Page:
I teach management in a Haredi college for women in Jerusalem. I’m not myself Haredi and so I’m often surprised by the students’ knowledge base – sometimes they are much more aware of the “outside” world than I would expect (with knowledge of things like Abercrombie and Fitch’s discriminatory hiring policies) and at other times they don’t have what most consider general knowledge (i.e. knowing that Silicon Valley is the high-tech capital of the world). One experience this past semester where their cultural upbringing truly caught me off guard.
I read obituaries. I like getting the whole picture about a person’s life, to be moved by other people’s passions and work. Perhaps it is the sociologist in me, inspired by Margaret Mead, who liked to be inspired by people’s real lives.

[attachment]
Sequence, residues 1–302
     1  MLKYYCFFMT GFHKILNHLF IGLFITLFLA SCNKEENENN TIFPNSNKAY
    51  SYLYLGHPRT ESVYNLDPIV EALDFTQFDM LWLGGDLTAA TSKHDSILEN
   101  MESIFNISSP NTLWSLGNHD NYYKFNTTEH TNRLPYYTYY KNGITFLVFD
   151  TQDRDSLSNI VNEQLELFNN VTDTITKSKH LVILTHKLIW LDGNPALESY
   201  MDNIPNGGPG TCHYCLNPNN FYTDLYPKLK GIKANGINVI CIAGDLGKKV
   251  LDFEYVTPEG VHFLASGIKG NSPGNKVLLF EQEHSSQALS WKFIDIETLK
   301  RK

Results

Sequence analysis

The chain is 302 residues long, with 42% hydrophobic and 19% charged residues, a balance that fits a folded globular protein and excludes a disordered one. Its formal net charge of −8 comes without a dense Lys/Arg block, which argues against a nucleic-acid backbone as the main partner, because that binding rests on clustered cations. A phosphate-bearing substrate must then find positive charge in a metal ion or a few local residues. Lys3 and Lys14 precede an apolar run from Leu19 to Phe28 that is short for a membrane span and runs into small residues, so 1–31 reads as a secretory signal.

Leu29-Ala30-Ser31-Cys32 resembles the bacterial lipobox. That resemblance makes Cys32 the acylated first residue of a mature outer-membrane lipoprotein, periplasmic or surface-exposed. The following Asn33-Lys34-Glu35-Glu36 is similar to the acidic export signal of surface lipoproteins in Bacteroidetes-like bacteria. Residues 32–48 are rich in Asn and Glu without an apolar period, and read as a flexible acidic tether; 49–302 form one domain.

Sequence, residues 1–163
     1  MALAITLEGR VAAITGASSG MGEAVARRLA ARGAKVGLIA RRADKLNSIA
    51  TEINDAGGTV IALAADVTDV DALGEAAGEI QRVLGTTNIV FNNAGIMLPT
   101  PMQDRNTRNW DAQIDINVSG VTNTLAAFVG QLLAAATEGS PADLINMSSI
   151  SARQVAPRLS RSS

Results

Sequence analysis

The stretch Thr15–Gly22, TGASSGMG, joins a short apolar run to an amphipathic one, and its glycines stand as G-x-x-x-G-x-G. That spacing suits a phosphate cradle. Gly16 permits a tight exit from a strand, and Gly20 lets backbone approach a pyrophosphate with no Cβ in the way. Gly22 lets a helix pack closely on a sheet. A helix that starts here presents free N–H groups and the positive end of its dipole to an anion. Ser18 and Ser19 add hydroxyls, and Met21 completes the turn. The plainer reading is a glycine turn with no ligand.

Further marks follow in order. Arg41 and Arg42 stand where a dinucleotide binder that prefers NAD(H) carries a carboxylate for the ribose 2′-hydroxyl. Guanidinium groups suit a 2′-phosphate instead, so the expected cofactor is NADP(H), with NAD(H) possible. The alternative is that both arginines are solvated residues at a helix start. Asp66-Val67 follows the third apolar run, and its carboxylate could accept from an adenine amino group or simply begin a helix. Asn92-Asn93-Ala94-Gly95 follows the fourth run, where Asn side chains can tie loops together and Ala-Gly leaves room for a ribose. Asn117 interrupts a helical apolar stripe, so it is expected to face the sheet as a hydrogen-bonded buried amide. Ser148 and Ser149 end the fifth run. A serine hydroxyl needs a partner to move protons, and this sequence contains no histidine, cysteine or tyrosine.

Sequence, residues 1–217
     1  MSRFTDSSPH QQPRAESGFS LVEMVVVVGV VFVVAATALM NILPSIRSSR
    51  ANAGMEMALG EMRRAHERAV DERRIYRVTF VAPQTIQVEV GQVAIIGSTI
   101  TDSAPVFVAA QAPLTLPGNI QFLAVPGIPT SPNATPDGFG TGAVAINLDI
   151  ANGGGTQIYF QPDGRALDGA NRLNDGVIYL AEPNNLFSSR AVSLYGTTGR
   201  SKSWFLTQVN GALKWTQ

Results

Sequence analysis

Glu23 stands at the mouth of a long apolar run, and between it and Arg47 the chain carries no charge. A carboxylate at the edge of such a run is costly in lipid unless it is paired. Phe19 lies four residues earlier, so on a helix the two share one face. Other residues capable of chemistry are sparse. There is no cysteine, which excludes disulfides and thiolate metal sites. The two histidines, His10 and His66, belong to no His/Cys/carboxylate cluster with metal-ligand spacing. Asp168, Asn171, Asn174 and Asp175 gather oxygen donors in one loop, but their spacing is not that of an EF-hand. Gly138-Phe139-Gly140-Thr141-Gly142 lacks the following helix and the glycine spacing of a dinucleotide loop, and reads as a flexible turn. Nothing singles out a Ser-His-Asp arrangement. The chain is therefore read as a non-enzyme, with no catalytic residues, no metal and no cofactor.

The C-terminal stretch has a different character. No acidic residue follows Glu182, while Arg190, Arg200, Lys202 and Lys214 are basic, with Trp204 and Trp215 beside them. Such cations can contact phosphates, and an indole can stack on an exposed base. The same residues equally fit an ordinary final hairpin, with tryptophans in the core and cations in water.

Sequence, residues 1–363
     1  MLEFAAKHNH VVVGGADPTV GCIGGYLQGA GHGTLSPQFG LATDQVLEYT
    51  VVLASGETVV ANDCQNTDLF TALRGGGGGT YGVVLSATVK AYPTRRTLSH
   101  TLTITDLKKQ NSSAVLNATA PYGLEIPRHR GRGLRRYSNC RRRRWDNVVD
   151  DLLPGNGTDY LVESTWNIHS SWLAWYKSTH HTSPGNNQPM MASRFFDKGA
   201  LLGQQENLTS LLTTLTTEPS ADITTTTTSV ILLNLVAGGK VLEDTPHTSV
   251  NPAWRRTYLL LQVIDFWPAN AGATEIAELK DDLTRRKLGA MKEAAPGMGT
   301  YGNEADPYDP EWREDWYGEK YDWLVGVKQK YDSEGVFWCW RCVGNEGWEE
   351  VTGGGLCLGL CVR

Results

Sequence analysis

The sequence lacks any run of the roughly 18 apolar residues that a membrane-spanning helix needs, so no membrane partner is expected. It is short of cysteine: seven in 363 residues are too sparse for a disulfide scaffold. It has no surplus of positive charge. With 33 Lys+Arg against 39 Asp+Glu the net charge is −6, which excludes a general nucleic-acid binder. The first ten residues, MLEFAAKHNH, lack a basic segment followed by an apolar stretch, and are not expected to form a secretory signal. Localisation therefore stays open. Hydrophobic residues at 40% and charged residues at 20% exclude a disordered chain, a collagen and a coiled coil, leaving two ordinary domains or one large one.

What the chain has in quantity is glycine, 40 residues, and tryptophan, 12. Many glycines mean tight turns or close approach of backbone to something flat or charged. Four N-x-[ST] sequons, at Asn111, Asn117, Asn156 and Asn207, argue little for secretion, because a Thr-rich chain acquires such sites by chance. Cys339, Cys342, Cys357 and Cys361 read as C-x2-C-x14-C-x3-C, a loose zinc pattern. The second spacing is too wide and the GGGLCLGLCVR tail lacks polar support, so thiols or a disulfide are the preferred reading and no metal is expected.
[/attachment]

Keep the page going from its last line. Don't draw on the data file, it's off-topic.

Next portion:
Lilith, the first partner of Adam who rejected the subservient role that Adam and God tried to foist upon her, has been an inspiration for feminists for generations. As I was beginning my own young vocalizations and learning the power of naming things in my world, Judith Plaskow re-envisioned the traditional tale of Lilith in her 1972 essay, “The Coming of Lilith.” Plaskow imagined an alliance between Lilith and Eve: after the two shared stories from their lives, “the bond of sisterhood grew between them.” In this way, Lilith became an example of the power of consciousness-raising for Jewish women.
“If you will it, it is no dream,” might have been Theodor Herzl’s catchphrase for the founding of the State of Israel but it is a wholly American sentiment: “Energy and persistence conquer all things,” Benjamin Franklin said.
Facebook Chief Operating Officer Sheryl Sandberg has donated 290,000 shares of company stock, worth about $31 million, to several different charities.